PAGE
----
Fire up those 3D printers because if you’re like us, you’ll want your own PlottyBot. Still, have a pile of “thank you notes” to write from recent winter holiday gift exchanges? Hoping to hand letter invitations to a wedding or other significant event? Need some new art to adorn your lock-down shelter or shop? It sounds like [Ben] could help you with that.
Besides being a handsomely designed desktop DrawBot, this project from [Ben] looks to have some solid software to run it, a community of makers who have tested the waters, and very detailed build instructions. Those include everything from a BOM with links for ordering parts to animated GIF assembly for the trickier steps.
If you’d like to graduate from “handwritten” cards and letters to something poster-sized are customization tips for expanded X and Y dimensions. As we’ve included in other recent articles, one caveat to mention is the current scarcity of the Raspberry Pi Zeros that PlottyBots require. But if you have one on hand or think you’ll be able to source one by the time you’ve 3D printed all the parts, it might just be the perfect time to add another bot to your family. As a heads up, this project is self-hosted on a solar-powered server, so maybe take turns reading the complete build log.
A nice bonus if you need help drawing something suitably complex to require a robot’s help, [Ben] also created MandalGaba which looks like an awesome online tool for drawings like the ones shown above.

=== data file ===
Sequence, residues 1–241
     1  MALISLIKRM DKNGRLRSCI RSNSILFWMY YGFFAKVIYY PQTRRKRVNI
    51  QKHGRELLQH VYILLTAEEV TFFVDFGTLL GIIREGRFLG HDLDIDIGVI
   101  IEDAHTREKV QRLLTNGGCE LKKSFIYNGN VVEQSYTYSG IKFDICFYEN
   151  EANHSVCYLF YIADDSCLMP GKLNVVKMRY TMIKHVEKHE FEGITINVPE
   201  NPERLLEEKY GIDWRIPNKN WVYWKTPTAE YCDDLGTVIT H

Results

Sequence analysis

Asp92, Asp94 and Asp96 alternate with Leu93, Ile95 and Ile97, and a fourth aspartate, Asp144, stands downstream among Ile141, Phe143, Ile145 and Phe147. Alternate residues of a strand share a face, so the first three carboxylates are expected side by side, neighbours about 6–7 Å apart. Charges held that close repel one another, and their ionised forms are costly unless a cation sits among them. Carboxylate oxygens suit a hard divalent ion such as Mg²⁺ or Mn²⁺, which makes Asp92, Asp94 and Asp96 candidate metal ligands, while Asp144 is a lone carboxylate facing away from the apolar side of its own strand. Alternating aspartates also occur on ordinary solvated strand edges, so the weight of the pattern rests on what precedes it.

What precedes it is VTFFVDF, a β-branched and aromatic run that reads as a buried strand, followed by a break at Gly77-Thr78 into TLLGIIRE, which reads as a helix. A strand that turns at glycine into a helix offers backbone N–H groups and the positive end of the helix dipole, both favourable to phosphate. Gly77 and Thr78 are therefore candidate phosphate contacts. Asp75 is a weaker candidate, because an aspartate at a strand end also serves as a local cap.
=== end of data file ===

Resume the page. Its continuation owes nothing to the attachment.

Two strings, two motors, and some very creative software. That’s the magic behind the Plotterbot, which was drawing Daleks when we crossed its path at Maker Faire. This is the Mark II, which was built after cannibalizing Mark I. Unfortunately we can’t tell you what the difference is between the two.
The machine itself is a pretty nice little package. There is a box that hangs on the wall with a motor/spool combination at each end. In the middle of those two is an Arduino Mega with a custom driver shield. It takes an SD card with the drawing files on it. There is also a small touchscreen display which allowed for easy selection of what you’d like drawn on that paper taped to the wall below the unit.
Back when we were running the Trinket contest [Jay] used the Plotterbot to draw a Skull and Wrenches made out of a multitude of smaller Skull and Wrenches. He was nice enough bring that piece of art and present it to us at the Faire. Thanks [Jay]!
Looking for a fun and easy to do project to begin your foray into the fun-filled world of Arduinos? How about your very own drawing robot, aptly named, the Plotterbot!
We first heard word of this project when [Jay] submitted a giant plotted version of the Hack A Day logo for our Trinket contest, and we liked the Plotterbot so much we had to give it a featured article!
It’s a very simple design that uses an Arduino, 2 stepper motors, a servo motor (for pen lifting), some fishing line and various odds and ends you can probably find around the house. Realistically it will cost around $100 to build, but if you can salvage some parts from an old printer or scanner, even less!
[Jay] is currently releasing a series of detailed posts on his blog explaining the process of building one, but if you’re excited to start right away, you can always check out his FAQ for more juicy details.